January 2018 U.S. Economic Outlook

Robert A. Dye, Ph.D.


Daniel Sanabria

Macro shot of graph on a screen

As we look ahead to 2018 and beyond, we see that the U.S. economy is generating more consistent momentum.

2018: Out from the Shadow of the Great Recession

With the end of 2017 came a noteworthy anniversary. December 2017 marked ten years since the onset of the Great Recession. One generalized conclusion from Reinhart and Rogoff’s masterpiece, This Time is Different: Eight Centuries of Financial Folly, is that it can take about 10 years for an economy to recover from a severe financial crisis. While there is no calendar to check off milestones of crisis and response, that ten-year time span feels about right. So we can think about the U.S. economy in 2018 less in terms of recovery from crisis, and more in terms of what can foster positive momentum, what is sustainable and what is not.

As we look ahead to 2018 and beyond, we see that the U.S. economy is generating more consistent momentum. We still have a good shot at three consecutive quarters of 3 percent or more real GDP growth beginning in 2017Q2. It would be the first such winning streak in this expansion. We will get the first estimate of 2017Q4 real GDP growth on January 26. In addition to more consistent U.S. momentum, global economic demand is improving. Europe and Japan are both gaining momentum after years of underperformance. With the recent passage of tax reform, U.S. fiscal policy is stimulative. If Congress can cobble together an infrastructure spending program as promised, that could add to fiscal stimulus later this year. Although interest rates are gradually rising, monetary policy remains accommodative. The Federal Reserve has so far raised short-term interest rates from exceptionally low, to merely very low. Also, the crisis-driven regulatory response is easing. We expect to see more examples of regulatory rollback this year.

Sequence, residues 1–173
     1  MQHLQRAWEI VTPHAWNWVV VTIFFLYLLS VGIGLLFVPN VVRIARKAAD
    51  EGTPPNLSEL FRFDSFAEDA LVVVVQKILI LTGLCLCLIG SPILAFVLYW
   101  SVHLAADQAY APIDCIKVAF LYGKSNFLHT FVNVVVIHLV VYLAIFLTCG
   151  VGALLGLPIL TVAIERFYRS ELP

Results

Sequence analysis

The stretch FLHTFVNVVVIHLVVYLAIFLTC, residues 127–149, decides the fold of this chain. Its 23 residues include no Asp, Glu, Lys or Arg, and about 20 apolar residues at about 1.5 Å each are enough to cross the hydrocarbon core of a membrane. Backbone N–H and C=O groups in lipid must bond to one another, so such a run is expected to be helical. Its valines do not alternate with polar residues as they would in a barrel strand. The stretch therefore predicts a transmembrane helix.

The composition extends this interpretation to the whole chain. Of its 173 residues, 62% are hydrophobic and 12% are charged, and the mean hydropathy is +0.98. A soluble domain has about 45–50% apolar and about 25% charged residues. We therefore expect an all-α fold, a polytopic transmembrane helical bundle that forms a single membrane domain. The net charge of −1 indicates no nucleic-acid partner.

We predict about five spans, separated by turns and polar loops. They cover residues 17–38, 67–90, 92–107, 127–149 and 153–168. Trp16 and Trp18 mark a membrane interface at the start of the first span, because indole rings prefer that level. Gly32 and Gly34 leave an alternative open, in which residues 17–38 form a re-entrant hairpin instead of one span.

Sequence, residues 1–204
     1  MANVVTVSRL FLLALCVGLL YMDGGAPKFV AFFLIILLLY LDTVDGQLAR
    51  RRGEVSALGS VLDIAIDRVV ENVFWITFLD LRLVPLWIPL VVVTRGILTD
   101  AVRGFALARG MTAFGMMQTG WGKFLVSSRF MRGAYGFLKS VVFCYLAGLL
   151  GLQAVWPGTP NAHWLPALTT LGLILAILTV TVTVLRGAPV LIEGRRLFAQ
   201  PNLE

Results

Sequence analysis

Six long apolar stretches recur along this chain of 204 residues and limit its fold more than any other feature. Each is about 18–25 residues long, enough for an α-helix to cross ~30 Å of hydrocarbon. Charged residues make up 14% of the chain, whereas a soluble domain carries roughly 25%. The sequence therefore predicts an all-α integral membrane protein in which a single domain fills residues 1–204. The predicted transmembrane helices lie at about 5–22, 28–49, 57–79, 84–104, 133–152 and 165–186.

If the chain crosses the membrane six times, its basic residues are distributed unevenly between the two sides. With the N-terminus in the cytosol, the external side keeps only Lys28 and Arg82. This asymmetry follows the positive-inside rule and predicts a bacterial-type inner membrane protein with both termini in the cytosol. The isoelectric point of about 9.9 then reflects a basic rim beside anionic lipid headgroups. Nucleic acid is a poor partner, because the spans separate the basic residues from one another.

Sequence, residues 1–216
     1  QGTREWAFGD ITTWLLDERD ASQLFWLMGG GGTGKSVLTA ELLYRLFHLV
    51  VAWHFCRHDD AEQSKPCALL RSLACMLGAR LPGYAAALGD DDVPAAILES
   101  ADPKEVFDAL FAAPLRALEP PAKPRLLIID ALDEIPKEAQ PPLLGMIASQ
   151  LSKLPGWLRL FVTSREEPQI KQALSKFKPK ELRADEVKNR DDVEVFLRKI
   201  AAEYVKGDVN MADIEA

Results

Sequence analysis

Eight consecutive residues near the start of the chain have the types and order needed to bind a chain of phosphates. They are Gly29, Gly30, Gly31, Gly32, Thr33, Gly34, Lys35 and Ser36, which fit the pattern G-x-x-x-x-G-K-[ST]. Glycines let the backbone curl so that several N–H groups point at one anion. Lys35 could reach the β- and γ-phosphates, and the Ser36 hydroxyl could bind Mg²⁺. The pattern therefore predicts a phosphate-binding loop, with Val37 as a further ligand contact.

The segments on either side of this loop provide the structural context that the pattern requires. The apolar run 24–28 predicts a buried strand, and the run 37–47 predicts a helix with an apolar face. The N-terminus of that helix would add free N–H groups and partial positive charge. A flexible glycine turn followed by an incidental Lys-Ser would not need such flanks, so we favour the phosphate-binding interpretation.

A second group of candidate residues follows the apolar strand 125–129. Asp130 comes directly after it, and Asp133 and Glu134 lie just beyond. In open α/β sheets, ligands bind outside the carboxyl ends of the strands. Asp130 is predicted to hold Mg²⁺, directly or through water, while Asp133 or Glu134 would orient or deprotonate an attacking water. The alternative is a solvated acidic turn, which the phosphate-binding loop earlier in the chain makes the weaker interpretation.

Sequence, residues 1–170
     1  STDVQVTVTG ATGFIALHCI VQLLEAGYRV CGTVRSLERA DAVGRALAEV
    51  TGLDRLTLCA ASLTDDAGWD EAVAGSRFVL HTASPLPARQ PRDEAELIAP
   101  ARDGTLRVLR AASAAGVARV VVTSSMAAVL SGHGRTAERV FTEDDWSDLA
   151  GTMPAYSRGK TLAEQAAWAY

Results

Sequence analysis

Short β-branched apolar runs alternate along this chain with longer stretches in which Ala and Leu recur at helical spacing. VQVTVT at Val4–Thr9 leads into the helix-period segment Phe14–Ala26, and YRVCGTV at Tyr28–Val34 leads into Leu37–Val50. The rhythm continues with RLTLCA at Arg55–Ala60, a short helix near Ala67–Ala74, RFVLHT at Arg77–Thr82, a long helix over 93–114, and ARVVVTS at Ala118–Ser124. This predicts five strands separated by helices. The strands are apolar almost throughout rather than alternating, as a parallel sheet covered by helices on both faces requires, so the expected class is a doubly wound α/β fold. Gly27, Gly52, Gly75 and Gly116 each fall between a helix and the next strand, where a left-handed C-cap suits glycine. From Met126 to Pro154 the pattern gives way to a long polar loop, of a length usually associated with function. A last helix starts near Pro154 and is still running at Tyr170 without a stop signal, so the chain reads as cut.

Productivity growth is key to sustaining a long expansion. We define productivity as real output per hour of all nonfarm private-sector employees. It tends to be cyclical, often peaking at the end of recessions after labor has been shed and output starts to ramp up. It often declines ahead of recessions as businesses hire more workers to keep up with growing demand. So far in this expansion, productivity growth has been weaker than expected. However, through the first three quarters of 2017 productivity growth improved, with 2017Q3 registering 1.5 percent year-over-year productivity growth -the strongest since 2015Q2.We expect the recent reforms to the corporate tax code to be positive for business investment, and therefore positive for productivity growth. Productivity growth is the key lever that will determine if wage growth is inflationary or not. Strong productivity growth allows businesses to pay higher wages with-out raising their prices. Otherwise, wage growth can lead to higher inflation which could cause the Federal Reserve to raise interest rates more than expected, which can eventually lead to the next recession.

What is not sustainable? Reinhart and Rogoff offer a master class in the dangers of rapid debt accumulation. Also, financial bubbles are non sustainable. The recent rallies in both the U.S. stock market and in Bitcoin add to the “wall of worry.” Mismanaged government finances are not sustainable. The Soviet Union, Greece and Zimbabwe are modern examples of self-imposed fiscal crises that led to collapse and chaos.

We expect to see an ongoing economic expansion for the U.S. in 2018, helped by rest-of-world growth, expansive fiscal policy and restrained monetary tightening. Productivity growth will be a key sustaining element of the U.S. expansion. By mid-year we will see the second-longest U.S. expansion ever, reaching 107 months in May.

For a PDF version of this report click here: USEconomicOutlook_0118.  

The articles and opinions in this publication are for general information only, are subject to change, and are not intended to provide specific investment, legal, tax or other advice or recommendations. The information contained herein reflects the thoughts and opinions of the noted authors only, and such information does not necessarily reflect the thoughts and opinions of Comerica or its management team. We are not offering or soliciting any transaction based on this information. We suggest that you consult your attorney, accountant or tax or financial advisor with regard to your situation. Although the information has been obtained from sources we believe to be reliable, neither the authors nor Comerica guarantee its accuracy, and such information may be incomplete or condensed. Neither the authors nor Comerica shall be liable for any typographical errors or incorrect data obtained from reliable sources or factual information.

January 8, 2018
Robert A. Dye, Ph.D., Senior Vice President and Chief Economist at Comerica Bank

Robert A. Dye, Ph.D.

Senior Vice President and Chief Economist
Daniel Sanabria, Senior Economist at Comerica Bank

Daniel Sanabria

Senior Economist

Related Content